Among women at low risk of breast cancer, postmenopausal hormone therapy with estrogen alone may reduce the risk of breast cancer. These results—which warrant additional research and should not be considered conclusive—came from further review of the Women’s Health Initiative clinical trial of estrogen alone and were presented at the 2010 San Antonio Breast Cancer Symposium (SABCS).
Hormone therapy with estrogen (with or without progestin) effectively manages many menopausal symptoms, but studies over the last several years have raised concerns about the health effects of postmenopausal hormone therapy. In the Women’s Health Initiative (WHI) clinical trial of estrogen plus progestin, hormone use decreased the risks of fracture and colorectal cancer, but increased the risks of heart disease, breast cancer, stroke, and blood clots. More recent reports suggest that combined hormone therapy may also increase lung cancer mortality.
Estrogen alone did not appear to increase the risk of breast or lung cancer but did increase risk of stroke. Because estrogen alone increases the risk of endometrial (uterine) cancer, it is generally reserved for women who have had a hysterectomy.
In the results presented at SABCS, researchers evaluated subgroups of women enrolled in the WHI trial of estrogen alone.
These results were discussed at a press conference moderated by Judy Garber, MD, MPH. Dr. Garber described the results as “provocative and preliminary.” Further research is required before firm conclusions can be drawn about the relationship between estrogen alone and risk of breast cancer.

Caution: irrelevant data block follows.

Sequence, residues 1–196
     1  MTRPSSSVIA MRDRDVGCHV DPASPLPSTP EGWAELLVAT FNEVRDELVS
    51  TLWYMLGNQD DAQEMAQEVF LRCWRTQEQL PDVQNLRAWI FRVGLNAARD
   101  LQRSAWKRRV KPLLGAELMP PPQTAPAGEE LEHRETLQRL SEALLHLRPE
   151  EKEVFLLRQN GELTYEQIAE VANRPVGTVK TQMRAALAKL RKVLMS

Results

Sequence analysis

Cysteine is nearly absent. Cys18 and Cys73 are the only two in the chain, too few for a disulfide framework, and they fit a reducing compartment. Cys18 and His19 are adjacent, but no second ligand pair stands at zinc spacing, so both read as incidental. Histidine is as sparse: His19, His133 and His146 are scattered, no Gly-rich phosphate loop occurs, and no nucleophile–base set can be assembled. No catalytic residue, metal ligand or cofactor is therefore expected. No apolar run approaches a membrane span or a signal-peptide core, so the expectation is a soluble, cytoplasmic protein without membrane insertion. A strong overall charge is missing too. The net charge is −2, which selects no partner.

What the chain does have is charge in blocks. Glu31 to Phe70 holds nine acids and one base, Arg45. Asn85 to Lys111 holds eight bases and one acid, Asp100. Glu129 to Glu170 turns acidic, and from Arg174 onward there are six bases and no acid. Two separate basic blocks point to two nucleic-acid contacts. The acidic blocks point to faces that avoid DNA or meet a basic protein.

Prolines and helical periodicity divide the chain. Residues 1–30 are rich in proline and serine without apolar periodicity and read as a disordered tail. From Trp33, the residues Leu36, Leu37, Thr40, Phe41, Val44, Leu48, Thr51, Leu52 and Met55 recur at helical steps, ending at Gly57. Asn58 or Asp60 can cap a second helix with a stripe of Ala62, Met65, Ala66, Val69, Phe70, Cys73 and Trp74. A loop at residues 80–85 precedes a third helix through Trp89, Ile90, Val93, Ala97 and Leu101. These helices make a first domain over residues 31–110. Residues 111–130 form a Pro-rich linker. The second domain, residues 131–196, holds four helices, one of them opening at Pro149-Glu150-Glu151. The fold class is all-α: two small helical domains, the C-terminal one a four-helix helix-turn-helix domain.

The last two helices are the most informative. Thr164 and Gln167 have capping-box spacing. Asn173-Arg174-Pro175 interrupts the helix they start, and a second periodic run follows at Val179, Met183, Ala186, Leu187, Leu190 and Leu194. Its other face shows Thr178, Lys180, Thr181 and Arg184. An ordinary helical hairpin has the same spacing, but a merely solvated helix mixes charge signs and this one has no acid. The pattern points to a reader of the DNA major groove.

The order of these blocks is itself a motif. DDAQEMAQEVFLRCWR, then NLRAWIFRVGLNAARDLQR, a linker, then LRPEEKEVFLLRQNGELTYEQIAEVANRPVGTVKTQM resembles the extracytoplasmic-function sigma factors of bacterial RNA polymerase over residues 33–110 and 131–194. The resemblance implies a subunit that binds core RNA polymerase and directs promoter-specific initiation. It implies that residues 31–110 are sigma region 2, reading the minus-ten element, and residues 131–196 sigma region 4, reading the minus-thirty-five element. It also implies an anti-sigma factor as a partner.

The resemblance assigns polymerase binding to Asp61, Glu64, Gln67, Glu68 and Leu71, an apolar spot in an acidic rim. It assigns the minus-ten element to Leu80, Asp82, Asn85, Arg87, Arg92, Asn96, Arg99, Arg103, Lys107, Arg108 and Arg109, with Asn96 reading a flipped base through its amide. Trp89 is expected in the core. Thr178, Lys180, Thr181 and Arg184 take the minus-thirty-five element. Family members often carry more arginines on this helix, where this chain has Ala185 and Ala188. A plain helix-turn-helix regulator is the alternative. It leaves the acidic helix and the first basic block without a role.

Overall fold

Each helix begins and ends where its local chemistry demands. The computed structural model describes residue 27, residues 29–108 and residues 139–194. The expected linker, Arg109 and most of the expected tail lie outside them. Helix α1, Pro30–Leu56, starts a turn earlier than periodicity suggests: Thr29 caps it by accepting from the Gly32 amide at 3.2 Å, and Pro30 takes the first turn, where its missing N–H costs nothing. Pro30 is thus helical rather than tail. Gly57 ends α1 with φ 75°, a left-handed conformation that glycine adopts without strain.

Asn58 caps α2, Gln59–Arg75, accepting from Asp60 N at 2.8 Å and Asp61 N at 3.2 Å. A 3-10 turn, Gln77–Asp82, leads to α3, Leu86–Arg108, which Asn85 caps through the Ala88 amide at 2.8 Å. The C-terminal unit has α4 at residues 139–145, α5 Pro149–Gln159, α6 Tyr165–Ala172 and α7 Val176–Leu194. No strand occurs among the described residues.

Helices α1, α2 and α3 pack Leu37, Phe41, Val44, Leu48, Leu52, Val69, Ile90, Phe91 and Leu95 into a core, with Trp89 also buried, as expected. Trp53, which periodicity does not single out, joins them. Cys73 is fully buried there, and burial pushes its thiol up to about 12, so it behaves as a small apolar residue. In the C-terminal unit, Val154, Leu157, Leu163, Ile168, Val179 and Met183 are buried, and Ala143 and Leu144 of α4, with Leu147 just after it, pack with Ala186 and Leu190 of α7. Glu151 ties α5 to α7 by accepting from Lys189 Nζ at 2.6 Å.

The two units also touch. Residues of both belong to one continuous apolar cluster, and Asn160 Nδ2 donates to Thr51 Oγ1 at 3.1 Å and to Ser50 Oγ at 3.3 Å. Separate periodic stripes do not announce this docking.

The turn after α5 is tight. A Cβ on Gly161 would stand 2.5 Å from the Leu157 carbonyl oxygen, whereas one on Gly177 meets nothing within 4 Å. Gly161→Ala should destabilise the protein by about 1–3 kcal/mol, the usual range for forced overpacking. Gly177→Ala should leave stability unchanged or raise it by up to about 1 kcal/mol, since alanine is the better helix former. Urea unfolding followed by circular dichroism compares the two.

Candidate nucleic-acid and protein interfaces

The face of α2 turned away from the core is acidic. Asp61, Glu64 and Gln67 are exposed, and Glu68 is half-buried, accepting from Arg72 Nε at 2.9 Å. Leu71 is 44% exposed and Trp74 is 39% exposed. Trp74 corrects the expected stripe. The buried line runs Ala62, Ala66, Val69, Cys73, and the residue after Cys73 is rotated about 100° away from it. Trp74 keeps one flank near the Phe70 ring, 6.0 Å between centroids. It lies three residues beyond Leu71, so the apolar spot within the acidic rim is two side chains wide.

Rossouw JE, Anderson GL, Prentice RL et al. Risks and benefits of estrogen plus progestin in healthy postmenopausal women: principal results from the Women’s Health Initiative randomized controlled trial. JAMA. 2002; 288:321-33
 Chlebowski RT, Schwartz AG, Wakelee H et al. Oestrogen plus progestin and lung cancer in postmenopausal women (Women’s Health Initiative trial): a post-hoc analysis of a randomised controlled trial. Lancet. 2009;374:1243-1251.
 Anderson GL, Limacher M, Assaf AR et al. Effects of conjugated equine estrogen in postmenopausal women with hysterectomy: the Women’s Health Initiative randomized controlled trial. JAMA. 2004; 291:1701-1712.
 Ragaz J, Bajdik C, Wilson KS et al. Dual estrogen effects on breast cancer: endogenous estrogen stimulates while exogenous estrogen protects. Presented at the 33rd annual San Antonio Breast Cancer Symposium, December 8-12, 2010.
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